one | my- |

two | dy- |

three | tri- |

four | tetr- |

five | pent- |

six | hex- |

seven | hept- |

eight | oct- |

nine | enn- |

ten | dec- |

eleven | enkomi- |

twelve/zero | z-/zi- |

If the prefix already ends with the vowel letter i, then when that prefix is joined to the suffix -ino, the i of one of those affixes is removed so that the vowels i do not appear twice and side-by-side in the middle of the formed word. For example, the prefix tri- joined to the suffix -ino becomes trino, not tri-ino.

The vowel letter i in the suffix -ino is removed when it appears after the letter y of the prefixes my- or dy-.

The prefixes for numbers of groups of four digits that are multiples of twelve up to the dozenth multiple of twelve groups of four and beyond are formed by combination of a prefix for the number of twelve groups of four characters followed by the prefix for the twelve of the groups of four. For example, the prefix for two dozen groups of four numerical characters on the same side of the dozenal zot would be dyz-.

A vowel letter -a- may be added between consonants of the two joined prefix components. For example, tetrzon becomes tetrazon. The letter -y- is not treated as a consonant for this procedure.

**Table of words for dozenal powers**Positive exponent power of twelve | Nomenclature | In dozenal figures | Negative exponent power of twelve | Nomenclature | In dozenal figures |

①⓪^④ | myon | ①,⓪⓪⓪⓪; | ①⓪^-④ | myno | ⓪;⓪⓪⓪① |

①⓪^⑧ | dyon | ①,⓪⓪⓪⓪,⓪⓪⓪⓪; | ①⓪^-⑧ | dyno | ⓪;⓪⓪⓪⓪,⓪⓪⓪① |

①⓪^①⓪ | trion | ①,⓪⓪⓪⓪,⓪⓪⓪⓪,⓪⓪⓪⓪; | ①⓪^-①⓪ | trino | ⓪;⓪⓪⓪⓪,⓪⓪⓪⓪,⓪⓪⓪① |

①⓪^①④ | tetron | ①,⓪⓪⓪⓪,⓪⓪⓪⓪,⓪⓪⓪⓪,⓪⓪⓪⓪; | ①⓪^-①④ | tetrino | ⓪;⓪⓪⓪⓪,⓪⓪⓪⓪,⓪⓪⓪⓪,⓪⓪⓪① |

①⓪^(⑤*④) | penton | ①,⓪⓪⓪⓪,⓪⓪⓪⓪,⓪⓪⓪⓪,⓪⓪⓪⓪,⓪⓪⓪⓪; | ①⓪^(-⑤*④) | pentino | |

①⓪^(⑥*④) | hexon | ①,⓪⓪⓪⓪,⓪⓪⓪⓪,⓪⓪⓪⓪,⓪⓪⓪⓪,⓪⓪⓪⓪,⓪⓪⓪⓪; | ①⓪^(-⑥*④) | hexino | |

①⓪^(⑦*④) | hepton | ①⓪^(-⑦*④) | heptino | ||

①⓪^(⑧*④) | octon | ①⓪^(-⑧*④) | octino | ||

①⓪^(⑨*④) | ennon | ①⓪^(-⑨*④) | ennino | ||

①⓪^(⑩*④) | decon | ①⓪^(-⑩*④) | decino | ||

①⓪^(⑪*④) | enkomion | ①⓪^(-⑪*④) | enkomino | ||

①⓪^(①⓪*④) | zon | ①⓪^(-①⓪*④) | zino | ||

①⓪^(②⓪*④) | dyzon | ①⓪^(-②⓪*④) | dyzino | ||

①⓪^(③⓪*④) | trizon | ①⓪^(-③⓪*④) | trizino | ||

①⓪^(④⓪*④) | tetrazon | ①⓪^(-④⓪*④) | tetrazino | ||

①⓪^(⑤⓪*④) | pentazon | ①⓪^(-⑤⓪*④) | pentazino | ||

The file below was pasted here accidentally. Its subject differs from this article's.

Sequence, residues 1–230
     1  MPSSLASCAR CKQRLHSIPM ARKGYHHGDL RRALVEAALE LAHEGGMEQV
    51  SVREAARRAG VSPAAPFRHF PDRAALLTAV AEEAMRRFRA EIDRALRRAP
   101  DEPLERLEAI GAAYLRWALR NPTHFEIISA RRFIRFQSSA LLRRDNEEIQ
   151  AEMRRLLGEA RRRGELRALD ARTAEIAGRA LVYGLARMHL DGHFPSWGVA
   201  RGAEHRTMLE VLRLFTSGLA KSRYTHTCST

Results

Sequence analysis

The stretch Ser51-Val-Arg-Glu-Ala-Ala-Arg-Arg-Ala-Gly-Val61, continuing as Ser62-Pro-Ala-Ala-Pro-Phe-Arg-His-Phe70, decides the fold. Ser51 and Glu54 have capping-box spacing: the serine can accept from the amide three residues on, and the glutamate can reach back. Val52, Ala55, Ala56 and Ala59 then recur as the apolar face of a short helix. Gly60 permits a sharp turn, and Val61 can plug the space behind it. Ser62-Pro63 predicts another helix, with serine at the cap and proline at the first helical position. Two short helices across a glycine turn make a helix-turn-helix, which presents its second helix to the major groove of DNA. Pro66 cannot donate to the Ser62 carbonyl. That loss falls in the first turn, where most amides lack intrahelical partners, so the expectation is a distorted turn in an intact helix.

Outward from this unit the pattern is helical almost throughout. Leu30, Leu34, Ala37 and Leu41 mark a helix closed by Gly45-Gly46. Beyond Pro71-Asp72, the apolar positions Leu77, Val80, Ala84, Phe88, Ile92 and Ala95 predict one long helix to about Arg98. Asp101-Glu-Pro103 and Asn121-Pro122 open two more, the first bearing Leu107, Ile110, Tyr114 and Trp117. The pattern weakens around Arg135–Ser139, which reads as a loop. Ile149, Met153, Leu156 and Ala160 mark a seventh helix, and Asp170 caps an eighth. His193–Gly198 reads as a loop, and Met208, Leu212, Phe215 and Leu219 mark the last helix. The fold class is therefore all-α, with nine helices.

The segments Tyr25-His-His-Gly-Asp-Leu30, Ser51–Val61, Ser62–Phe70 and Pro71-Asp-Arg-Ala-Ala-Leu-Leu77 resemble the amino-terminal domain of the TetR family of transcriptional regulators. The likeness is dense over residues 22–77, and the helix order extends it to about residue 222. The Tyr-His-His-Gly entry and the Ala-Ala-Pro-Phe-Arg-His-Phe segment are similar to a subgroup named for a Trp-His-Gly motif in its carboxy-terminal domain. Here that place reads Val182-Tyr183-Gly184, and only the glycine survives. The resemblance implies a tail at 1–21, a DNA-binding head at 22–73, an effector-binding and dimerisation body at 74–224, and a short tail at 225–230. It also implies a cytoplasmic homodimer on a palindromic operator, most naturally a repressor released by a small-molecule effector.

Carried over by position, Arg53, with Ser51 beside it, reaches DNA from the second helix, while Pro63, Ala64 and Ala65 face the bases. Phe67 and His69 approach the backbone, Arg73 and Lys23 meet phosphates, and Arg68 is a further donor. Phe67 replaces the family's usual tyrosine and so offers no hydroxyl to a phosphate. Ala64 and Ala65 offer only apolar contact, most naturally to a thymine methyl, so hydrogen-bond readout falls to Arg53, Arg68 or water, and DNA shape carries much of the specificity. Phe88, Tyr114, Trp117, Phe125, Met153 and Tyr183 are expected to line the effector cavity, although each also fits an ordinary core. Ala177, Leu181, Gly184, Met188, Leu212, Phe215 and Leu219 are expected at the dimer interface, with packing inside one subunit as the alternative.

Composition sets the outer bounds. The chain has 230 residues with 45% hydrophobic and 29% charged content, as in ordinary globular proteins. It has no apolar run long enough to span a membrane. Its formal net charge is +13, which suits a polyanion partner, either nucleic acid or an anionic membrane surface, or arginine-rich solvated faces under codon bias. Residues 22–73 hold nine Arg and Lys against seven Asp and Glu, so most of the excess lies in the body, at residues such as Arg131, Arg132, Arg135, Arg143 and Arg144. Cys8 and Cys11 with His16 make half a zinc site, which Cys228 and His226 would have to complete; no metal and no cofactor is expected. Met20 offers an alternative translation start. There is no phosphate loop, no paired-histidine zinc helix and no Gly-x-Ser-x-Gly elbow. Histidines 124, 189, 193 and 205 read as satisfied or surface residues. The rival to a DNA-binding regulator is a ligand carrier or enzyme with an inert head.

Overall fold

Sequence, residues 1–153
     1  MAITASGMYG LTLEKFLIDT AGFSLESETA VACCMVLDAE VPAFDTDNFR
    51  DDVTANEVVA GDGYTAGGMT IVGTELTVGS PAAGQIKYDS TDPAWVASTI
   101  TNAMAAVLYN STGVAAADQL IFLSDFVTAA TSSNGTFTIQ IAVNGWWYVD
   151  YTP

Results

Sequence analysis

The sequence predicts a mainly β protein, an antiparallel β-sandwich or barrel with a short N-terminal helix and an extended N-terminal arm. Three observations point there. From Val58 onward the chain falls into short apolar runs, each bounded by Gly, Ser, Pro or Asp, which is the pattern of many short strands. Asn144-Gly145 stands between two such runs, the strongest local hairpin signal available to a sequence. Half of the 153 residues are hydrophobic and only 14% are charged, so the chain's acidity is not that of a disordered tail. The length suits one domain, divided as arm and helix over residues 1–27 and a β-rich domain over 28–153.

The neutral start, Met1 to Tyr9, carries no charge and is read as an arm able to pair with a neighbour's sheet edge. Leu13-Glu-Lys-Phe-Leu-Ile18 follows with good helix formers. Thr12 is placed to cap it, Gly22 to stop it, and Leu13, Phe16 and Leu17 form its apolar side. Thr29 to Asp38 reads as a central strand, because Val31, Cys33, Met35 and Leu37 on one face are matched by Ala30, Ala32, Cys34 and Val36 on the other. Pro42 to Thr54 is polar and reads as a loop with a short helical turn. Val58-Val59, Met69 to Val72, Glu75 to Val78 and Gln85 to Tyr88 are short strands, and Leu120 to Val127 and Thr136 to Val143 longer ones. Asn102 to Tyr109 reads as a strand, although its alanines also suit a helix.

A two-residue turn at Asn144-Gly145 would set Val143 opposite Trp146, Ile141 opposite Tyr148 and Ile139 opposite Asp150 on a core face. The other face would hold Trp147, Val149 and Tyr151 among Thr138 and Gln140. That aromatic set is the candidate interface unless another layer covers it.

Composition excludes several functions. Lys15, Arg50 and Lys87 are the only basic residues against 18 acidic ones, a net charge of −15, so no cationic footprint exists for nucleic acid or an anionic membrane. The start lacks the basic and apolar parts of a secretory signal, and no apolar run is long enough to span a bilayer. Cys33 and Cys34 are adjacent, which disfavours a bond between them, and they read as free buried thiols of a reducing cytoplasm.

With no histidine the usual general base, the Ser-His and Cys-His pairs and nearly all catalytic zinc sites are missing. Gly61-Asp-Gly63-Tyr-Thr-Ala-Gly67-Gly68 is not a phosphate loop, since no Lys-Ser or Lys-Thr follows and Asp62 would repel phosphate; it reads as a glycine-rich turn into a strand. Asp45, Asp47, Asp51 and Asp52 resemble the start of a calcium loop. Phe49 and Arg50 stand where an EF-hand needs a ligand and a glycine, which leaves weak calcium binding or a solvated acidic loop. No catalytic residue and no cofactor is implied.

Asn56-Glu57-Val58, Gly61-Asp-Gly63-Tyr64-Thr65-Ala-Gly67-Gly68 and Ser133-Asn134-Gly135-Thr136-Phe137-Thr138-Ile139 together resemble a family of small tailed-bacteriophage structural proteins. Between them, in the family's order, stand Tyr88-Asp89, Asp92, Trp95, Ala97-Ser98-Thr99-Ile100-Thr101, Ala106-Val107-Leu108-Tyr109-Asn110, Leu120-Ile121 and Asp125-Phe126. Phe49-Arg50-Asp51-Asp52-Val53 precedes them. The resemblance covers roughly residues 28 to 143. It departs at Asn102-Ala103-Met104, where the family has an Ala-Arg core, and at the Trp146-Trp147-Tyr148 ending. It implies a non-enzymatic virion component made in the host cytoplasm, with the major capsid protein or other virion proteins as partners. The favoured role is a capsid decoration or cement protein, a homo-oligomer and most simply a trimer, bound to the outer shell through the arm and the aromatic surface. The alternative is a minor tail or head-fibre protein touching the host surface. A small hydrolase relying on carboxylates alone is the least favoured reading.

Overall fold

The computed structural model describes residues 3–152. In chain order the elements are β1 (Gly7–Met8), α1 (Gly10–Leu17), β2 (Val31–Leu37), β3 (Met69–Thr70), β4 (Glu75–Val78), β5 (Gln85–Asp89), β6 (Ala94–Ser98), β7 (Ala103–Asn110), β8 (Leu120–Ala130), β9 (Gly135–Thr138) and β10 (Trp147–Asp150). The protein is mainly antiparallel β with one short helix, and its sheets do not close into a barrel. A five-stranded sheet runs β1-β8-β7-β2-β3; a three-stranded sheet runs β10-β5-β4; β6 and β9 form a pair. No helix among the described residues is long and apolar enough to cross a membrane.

①⓪^(⑥⓪*④) | hexazon | ①⓪^(-⑥⓪*④) | hexazino | ||

①⓪^(⑦⓪*④) | heptazon | ①⓪^(-⑦⓪*④) | heptazino | ||

①⓪^(⑧⓪*④) | octazon | ①⓪^(-⑧⓪*④) | octazino | ||

①⓪^(⑨⓪*④) | ennazon | ①⓪^(-⑨⓪*④) | ennazino | ||

①⓪^(⑩⓪*④) | decazon | ①⓪^(-⑩⓪*④) | decazino | ||

①⓪^(⑪⓪*④) | enkomizon | ①⓪^(-⑪⓪*④) | enkomizino | ||

①⓪^(①⓪⓪*④) | zizon | ①⓪^(-①⓪⓪*④) | zizino |

It is expected that a nomenclature of prefixes representing powers of the base would only be used in a technical context, for example, in science or technology.

Words for numbers of dozenal characters that are not multiples of four may be specified by multiplying these technical terms by ordinary words in local natural languages for twelve raised to smaller powers, such as the words twelve or dozen for the first power of twelve in English.

It is thought not to be courteous to use special terms for all possible powers of twelve, just as in the decimal metric system of prefixes only powers of a thousand have special prefixes, with the exception of terms for ten raised to integer exponents closer to zero. This is because when units of measurement have different numerical prefixes, they have different orders of magnitude which need to be converted to be the same in order to be used in calculations. If the number of different orders of magnitude be limited or restricted, the chance of requirement for the additional complexity from adjustment for order of magnitude in calculations is reduced. Also, in natural languages, orders of magnitude are formed by multiplication of terms for powers of the base closer to one rather than having a new term for every possible power.